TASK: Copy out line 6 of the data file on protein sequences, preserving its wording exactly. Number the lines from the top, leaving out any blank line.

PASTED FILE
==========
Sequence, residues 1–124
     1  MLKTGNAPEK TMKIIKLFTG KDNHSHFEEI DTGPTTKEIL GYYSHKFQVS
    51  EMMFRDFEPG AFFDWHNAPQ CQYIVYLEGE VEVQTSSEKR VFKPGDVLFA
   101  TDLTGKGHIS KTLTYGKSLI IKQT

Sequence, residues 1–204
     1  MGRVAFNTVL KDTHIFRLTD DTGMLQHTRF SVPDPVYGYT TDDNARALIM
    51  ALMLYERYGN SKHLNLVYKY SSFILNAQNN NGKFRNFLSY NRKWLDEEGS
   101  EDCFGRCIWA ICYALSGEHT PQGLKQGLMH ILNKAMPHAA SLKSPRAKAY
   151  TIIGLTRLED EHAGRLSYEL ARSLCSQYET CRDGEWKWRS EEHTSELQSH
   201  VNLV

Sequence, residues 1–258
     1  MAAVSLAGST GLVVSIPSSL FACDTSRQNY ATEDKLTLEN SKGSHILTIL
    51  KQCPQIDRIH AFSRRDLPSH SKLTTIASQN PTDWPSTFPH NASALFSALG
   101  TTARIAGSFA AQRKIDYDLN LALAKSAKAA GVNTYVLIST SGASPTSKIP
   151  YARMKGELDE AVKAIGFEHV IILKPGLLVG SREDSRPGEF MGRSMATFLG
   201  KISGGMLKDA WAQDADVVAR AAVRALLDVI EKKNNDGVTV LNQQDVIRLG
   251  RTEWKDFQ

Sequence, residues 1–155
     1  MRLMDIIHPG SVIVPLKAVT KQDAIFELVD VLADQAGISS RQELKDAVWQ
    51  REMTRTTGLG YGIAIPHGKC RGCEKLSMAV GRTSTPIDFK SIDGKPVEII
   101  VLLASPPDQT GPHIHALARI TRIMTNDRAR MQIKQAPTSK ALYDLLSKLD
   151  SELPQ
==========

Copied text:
     1  MGRVAFNTVL KDTHIFRLTD DTGMLQHTRF SVPDPVYGYT TDDNARALIM